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Poor John Monash has waited a long time. Before he died in 1931, he clearly hoped for a friendly posthumous biography. He destroyed his collection of erotica and some extramarital love letters. This was characteristically called ‘Emergency Action’. Less characteristically, he instructed his son-in-law and executor, Gershon Bennett, not to ‘preserve indefinitely’ the enormous collection of letters, diaries, cuttings, etc.

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Desert Mother is a collection of poems from a West Australian writer in his late twenties who now lives in Sydney. Many of the poems in it have a double layer of nostalgia – a personal one, for a lost adolescence, and a general one for small towns left on the edge of history.

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Dove by Barbara Hanrahan

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October 1982, no. 45

In Dove, the familiar Barbara Hanrahan ingredients – acute realism and the fantastic, the grotesque – are combined once again to produce yet another powerful and moving novel. The scale of realism and fantasy is, as always, finely balanced. The various locations of the novel, for instance, are beautifully realised. Hanrahan has the eye of the graphic artist for the broad canvas, the sweep of light and sky, and the telling detail. Her eye ranges from the Adelaide Hills to the suburbs of ‘pebble dash and pit­tosporum’ to the Mallee: ‘an antipodean jungle of stiff splintered branches, a mysterious pearly-grey gloom’ interspersed with the ‘faraway rash of green’ that is the wheat. Yet there is more to landscape than this; place is used throughout to evoke psychic states. Appleton, for instance, suggests beatitude and primal innocence. Arden Valley the fairytale potential for the transformation of life, and the Mallee the promised land of plenteous crops and realised love.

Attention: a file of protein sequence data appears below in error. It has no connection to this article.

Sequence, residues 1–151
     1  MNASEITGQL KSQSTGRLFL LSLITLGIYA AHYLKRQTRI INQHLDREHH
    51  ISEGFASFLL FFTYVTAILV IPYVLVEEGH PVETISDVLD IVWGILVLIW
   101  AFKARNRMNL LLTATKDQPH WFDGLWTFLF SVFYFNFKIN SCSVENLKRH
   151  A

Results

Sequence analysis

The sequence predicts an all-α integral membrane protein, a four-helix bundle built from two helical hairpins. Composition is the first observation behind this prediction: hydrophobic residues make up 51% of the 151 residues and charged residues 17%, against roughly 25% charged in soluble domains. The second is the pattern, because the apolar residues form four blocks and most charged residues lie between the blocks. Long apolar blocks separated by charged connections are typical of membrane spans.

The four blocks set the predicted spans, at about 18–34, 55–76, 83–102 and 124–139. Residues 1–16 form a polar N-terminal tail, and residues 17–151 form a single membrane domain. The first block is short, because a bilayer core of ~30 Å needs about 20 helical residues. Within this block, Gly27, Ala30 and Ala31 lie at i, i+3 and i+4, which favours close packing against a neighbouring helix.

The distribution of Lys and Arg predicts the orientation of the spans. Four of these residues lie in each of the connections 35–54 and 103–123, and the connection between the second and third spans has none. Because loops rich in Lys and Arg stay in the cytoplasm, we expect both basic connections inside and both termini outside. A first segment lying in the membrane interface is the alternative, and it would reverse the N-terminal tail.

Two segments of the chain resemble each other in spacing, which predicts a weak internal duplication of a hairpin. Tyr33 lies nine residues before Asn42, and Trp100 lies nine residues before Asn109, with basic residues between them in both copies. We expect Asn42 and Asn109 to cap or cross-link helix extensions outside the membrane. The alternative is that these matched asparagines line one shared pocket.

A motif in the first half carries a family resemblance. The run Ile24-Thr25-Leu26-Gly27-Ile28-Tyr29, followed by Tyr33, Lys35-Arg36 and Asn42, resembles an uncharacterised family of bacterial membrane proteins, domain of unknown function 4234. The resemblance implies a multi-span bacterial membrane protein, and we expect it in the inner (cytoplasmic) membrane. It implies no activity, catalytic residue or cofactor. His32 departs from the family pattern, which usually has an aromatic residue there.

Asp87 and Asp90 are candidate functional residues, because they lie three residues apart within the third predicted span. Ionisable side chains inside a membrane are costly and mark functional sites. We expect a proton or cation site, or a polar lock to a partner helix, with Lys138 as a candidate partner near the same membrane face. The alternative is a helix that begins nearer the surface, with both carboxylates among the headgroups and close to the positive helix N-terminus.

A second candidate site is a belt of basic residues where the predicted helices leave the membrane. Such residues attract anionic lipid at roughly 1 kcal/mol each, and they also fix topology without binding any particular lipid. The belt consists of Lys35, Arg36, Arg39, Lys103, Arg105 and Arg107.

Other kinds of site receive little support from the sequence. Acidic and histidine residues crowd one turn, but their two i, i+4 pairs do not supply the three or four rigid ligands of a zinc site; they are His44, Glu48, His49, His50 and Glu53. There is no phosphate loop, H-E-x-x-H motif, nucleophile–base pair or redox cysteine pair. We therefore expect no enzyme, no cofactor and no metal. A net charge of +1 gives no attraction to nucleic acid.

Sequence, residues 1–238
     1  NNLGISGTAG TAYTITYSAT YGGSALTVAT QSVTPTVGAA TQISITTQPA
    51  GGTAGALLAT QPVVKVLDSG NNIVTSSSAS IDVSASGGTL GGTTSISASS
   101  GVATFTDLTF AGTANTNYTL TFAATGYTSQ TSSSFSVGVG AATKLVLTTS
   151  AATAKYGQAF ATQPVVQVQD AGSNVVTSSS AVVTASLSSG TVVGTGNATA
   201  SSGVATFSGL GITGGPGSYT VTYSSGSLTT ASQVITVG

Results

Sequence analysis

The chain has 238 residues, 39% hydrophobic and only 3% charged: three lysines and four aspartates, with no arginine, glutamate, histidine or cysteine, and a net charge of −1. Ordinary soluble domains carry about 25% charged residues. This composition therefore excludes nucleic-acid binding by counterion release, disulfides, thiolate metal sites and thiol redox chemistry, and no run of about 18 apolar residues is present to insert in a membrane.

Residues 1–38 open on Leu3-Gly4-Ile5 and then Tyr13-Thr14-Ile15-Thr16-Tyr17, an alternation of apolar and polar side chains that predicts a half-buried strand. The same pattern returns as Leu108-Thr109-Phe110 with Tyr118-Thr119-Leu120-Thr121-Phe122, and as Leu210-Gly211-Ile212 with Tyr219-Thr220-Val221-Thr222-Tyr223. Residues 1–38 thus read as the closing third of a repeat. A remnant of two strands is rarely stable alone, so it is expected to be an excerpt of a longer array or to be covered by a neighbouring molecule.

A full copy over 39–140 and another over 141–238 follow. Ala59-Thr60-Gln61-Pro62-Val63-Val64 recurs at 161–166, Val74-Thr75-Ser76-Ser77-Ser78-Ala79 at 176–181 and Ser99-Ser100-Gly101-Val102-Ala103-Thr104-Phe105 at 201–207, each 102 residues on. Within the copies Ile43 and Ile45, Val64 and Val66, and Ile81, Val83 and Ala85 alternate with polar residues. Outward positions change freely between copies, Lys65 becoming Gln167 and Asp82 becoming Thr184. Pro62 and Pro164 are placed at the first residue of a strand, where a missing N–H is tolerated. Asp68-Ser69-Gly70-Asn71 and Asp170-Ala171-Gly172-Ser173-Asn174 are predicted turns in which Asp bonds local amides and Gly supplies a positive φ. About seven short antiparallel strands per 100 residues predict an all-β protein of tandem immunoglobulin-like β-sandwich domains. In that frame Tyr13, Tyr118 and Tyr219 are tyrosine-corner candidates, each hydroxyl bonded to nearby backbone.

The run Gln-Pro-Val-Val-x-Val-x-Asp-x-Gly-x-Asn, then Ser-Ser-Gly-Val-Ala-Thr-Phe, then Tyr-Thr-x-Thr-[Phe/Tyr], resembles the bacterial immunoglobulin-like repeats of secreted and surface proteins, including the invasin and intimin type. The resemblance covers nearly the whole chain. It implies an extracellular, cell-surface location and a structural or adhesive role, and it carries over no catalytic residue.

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Unlike its parent, the Concise Macquarie has a regular commercial publisher, and we might suppose that it is a sensible commercial proposition. We might wonder if the reduction from the 77,000 headwords of the bigger dictionary to the over 41000 of this is worth saving the $12 difference in price: but nobody who read my review of the parent Macquarie is likely long to ponder this when he or she remembers that Collins cost’s $19.95.

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Child's Play by David Malouf & Fly Away Peter by David Malouf

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September 1982, no. 44

The prolific David Malouf, another of our poets turned novelist, just had two short prose works published within a few months of one another. Although Child’s Play (which also includes two short stories) is set in Italy, where Malouf now resides, and Fly Away Peter in Brisbane where he grew up, the two books are thematically related, not only to each other but to the author’s earlier work.